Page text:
City Hall of Toronto
The City Hall of Toronto, Ontario, Canada is one of the most distinctive landmarks of the city. Designed by Finnish architect Viljo Revell (with Heikki Castrén, Bengt Lundsten, Seppo Valjus) and engineered by Hannskarl Bandel, the building opened in 1965; its modernist architecture still impresses today. It was built to replace Old City Hall which was built in 1899.
The building is on a large site on the north side of Queen Street West between Bay Street and Osgoode Hall. The address is 100 Queen Street West, and its postal code is M5H 2N2. It is on the site of Toronto's first Chinatown. The population of the large area was displaced, mostly to the northwest of the site. Much of the Chinese population residing in the district had to be relocated before construction of the new City Hall could begin.
Toronto had been looking to build a more modern city hall for several years. In 1954, a partnership of three of Toronto's largest architectural firms was selected to do the design. The result, presented in November 1955, was an extremely conservative structure that was called "sterile" by Frank Lloyd Wright and "very poor" by Walter Gropius. It died when voters rejected plans for a new $18 million city hall in a December 1955 referendum. Led by Mayor Nathan Phillips, Toronto city council decided in 1956 to have an international competition to choose the new design under terms drawn up by the International Union of Architects. This caused some controversy as some felt the work should be done by a Canadian. A five-person panel of judges was drawn up with some of the world's greatest architecture experts. Eric Arthur served as advisor. Over 500 designs were submitted, from which eight semi-finalists were selected. In September 1958, Revell's design was selected by three of the judges, including Eero Saarinen. One of the two dissenting judges was William Graham Holford, who was skeptical that the design could be built within the $18 million budget set by the city. Revell received a $25,000 prize plus what was estimated to be $1 million in fees to supervise construction. He complained that not enough credit was given to his design collaborators, Heikki Castren, Bengt Lundsten, and Seppo Valjus, and asked that all names be listed as the architects. Construction began in 1961 and the building was completed four years later. Revell died in 1964 before the project was finished.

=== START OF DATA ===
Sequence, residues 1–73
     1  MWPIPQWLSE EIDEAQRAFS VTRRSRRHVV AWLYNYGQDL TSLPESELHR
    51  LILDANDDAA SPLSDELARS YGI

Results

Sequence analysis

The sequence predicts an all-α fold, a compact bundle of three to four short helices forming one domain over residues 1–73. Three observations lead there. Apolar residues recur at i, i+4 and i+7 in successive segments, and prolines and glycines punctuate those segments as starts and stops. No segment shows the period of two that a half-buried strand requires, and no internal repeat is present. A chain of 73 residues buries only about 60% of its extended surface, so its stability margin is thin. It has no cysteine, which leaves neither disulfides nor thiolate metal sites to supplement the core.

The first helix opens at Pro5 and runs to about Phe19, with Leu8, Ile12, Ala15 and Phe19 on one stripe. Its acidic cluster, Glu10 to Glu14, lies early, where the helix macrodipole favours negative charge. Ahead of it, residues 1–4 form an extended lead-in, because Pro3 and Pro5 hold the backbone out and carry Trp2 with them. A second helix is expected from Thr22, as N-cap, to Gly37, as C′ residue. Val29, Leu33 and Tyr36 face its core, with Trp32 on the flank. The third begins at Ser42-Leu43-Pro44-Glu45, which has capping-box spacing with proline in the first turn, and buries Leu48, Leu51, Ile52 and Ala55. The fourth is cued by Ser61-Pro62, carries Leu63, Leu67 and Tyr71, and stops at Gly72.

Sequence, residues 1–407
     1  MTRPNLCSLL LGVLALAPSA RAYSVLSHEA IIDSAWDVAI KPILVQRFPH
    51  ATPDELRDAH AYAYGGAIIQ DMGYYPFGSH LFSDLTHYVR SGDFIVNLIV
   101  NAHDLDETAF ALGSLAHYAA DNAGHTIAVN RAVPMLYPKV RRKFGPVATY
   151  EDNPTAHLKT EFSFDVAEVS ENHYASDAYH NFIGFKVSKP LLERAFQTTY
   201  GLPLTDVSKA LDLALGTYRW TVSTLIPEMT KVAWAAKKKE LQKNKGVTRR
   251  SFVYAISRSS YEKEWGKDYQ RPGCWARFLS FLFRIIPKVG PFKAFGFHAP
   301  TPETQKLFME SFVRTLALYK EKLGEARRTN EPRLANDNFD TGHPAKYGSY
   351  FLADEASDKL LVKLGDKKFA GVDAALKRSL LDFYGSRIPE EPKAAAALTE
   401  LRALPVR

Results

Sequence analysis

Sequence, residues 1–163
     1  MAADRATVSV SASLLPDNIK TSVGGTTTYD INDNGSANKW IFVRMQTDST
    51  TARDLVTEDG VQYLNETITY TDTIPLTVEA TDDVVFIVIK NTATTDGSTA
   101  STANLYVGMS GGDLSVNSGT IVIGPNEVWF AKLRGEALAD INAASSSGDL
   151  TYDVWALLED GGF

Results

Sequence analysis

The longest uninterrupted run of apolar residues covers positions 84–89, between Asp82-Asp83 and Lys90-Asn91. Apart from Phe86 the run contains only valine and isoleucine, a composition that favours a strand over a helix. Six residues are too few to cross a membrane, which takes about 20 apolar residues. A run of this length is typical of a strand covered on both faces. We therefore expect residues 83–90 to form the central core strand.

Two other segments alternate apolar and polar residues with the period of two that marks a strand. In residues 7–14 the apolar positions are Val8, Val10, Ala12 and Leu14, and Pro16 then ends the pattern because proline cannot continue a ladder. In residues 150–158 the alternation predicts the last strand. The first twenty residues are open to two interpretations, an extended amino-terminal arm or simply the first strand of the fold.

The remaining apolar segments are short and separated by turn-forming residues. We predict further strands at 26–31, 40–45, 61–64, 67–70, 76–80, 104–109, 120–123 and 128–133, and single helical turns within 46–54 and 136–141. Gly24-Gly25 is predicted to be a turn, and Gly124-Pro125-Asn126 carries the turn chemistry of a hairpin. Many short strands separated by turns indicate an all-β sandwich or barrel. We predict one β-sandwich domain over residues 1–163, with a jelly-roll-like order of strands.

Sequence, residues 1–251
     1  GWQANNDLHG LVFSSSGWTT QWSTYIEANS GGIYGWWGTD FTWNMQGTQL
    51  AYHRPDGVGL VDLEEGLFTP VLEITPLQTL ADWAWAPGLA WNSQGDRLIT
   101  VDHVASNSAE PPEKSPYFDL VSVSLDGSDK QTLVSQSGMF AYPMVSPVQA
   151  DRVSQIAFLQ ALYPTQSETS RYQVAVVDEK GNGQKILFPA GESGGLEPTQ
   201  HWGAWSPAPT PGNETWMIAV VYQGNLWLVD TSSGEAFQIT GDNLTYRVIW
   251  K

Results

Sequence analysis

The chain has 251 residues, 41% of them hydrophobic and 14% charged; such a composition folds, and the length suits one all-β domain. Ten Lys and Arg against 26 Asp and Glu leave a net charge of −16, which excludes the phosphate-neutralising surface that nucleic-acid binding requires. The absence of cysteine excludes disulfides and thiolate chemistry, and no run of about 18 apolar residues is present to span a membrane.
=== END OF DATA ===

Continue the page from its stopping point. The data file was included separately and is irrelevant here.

Henry Moore's Archer
While the building's base is rectangular, its two towers are curved in cross-section and rise to differing heights. The east tower is 27 storeys (99.5 metres) tall and the west tower is 20 storeys (79.4 meters). Between the towers is the saucer-like council chamber, and the overall arrangement is somewhat like two hands cradling the chamber. The outer concrete surfaces of the towers have been ribbed, to prevent collapse of the fabric as a result of the expansion of the exterior surfaces, and the tearing apart of the fabric as a result of differences in air pressure on the two sides of each wing-like tower during the high winds characteristic of the Great Lakes. The north, west, and east elevations are plain in contrast with the south elevation; each presents a view of unrelieved concrete. To the east of the square is the former City Hall (locally known as Old City Hall) which is now a courthouse.
City of Toronto flags
From the air, the building is seen as a giant unblinking eye, thus the building's original nickname of "The Eye of Government".
When finished, the building caused a storm of controversy among many people, who
felt that it was extremely futuristic, too futuristic for the city. Even 40
years later, it still appears very modern.
Nathan Phillips Square
one of its distinguished residents
In front of the main structure is Nathan Phillips Square, a public space containing a fountain/skating rink.
City Hall Interior
The square is surrounded by an elevated walkway, with connections to City Hall, the square below, and the Sheraton Hotel across Queen Street.
Text from Wikipedia
Beaver and the Bear
Bird Lady of Queen's Park
John Piper. explaining the function of city government
Old City Hall built in 1899
Old City Hall as seen from Nathan Phillips Square
Model of the City of Toronto
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